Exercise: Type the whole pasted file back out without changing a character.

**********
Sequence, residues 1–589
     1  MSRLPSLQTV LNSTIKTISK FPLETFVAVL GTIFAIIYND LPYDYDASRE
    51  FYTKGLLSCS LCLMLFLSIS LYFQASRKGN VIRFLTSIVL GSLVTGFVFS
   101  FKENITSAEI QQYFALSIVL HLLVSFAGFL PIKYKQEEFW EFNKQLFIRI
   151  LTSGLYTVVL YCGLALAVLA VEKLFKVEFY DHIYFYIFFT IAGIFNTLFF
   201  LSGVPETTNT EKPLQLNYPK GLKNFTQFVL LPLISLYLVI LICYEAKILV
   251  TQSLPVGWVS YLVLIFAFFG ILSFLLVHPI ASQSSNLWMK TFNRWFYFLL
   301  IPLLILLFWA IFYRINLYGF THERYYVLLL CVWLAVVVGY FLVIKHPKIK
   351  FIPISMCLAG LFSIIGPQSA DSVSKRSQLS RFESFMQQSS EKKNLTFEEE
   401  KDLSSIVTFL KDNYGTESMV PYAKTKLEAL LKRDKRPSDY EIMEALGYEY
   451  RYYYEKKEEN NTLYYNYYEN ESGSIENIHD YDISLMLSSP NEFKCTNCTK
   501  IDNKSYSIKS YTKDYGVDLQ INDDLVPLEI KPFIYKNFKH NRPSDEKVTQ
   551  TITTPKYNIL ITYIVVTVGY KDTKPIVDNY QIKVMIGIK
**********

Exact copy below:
Sequence, residues 1–589
     1  MSRLPSLQTV LNSTIKTISK FPLETFVAVL GTIFAIIYND LPYDYDASRE
    51  FYTKGLLSCS LCLMLFLSIS LYFQASRKGN VIRFLTSIVL GSLVTGFVFS
   101  FKENITSAEI QQYFALSIVL HLLVSFAGFL PIKYKQEEFW EFNKQLFIRI
   151  LTSGLYTVVL YCGLALAVLA VEKLFKVEFY DHIYFYIFFT IAGIFNTLFF
   201  LSGVPETTNT EKPLQLNYPK GLKNFTQFVL LPLISLYLVI LICYEAKILV
   251  TQSLPVGWVS YLVLIFAFFG ILSFLLVHPI ASQSSNLWMK TFNRWFYFLL
   301  IPLLILLFWA IFYRINLYGF THERYYVLLL CVWLAVVVGY FLVIKHPKIK
   351  FIPISMCLAG LFSIIGPQSA DSVSKRSQLS RFESFMQQSS EKKNLTFEEE
   401  KDLSSIVTFL KDNYGTESMV PYAKTKLEAL LKRDKRPSDY EIMEALGYEY
   451  RYYYEKKEEN NTLYYNYYEN ESGSIENIHD YDISLMLSSP NEFKCTNCTK
   501  IDNKSYSIKS YTKDYGVDLQ INDDLVPLEI KPFIYKNFKH NRPSDEKVTQ
   551  TITTPKYNIL ITYIVVTVGY KDTKPIVDNY QIKVMIGIK